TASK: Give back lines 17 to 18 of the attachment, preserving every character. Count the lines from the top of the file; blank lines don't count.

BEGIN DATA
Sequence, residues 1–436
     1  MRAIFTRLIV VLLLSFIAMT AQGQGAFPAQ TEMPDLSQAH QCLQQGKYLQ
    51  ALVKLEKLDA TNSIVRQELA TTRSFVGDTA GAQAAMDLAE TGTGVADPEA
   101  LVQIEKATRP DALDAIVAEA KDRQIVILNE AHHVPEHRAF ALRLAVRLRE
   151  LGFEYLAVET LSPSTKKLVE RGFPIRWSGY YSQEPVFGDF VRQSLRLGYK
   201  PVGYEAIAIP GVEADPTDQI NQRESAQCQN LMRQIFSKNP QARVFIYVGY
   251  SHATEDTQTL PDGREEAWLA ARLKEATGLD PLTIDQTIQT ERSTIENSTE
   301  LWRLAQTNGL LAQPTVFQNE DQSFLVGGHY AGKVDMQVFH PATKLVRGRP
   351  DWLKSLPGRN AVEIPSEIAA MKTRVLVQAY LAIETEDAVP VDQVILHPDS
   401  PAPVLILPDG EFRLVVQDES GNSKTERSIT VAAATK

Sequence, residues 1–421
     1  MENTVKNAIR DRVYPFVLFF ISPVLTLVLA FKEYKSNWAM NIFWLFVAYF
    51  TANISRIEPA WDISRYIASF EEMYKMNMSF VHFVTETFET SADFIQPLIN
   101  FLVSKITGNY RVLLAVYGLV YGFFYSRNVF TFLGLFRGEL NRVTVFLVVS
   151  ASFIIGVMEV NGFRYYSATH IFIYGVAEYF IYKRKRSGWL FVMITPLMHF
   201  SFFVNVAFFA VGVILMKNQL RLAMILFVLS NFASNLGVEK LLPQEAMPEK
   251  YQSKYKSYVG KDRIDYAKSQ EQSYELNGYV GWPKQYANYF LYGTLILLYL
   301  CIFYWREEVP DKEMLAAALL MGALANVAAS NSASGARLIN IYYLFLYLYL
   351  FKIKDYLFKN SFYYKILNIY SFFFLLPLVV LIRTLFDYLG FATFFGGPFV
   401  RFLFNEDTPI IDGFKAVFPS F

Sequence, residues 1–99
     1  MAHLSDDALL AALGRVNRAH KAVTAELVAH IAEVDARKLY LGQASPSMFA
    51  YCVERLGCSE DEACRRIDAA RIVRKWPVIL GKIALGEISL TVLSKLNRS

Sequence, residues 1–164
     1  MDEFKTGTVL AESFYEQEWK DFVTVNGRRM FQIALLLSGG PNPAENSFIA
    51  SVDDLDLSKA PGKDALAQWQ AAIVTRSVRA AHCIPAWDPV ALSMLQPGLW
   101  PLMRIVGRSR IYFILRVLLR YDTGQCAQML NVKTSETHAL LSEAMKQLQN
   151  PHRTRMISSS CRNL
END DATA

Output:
   251  YQSKYKSYVG KDRIDYAKSQ EQSYELNGYV GWPKQYANYF LYGTLILLYL
   301  CIFYWREEVP DKEMLAAALL MGALANVAAS NSASGARLIN IYYLFLYLYL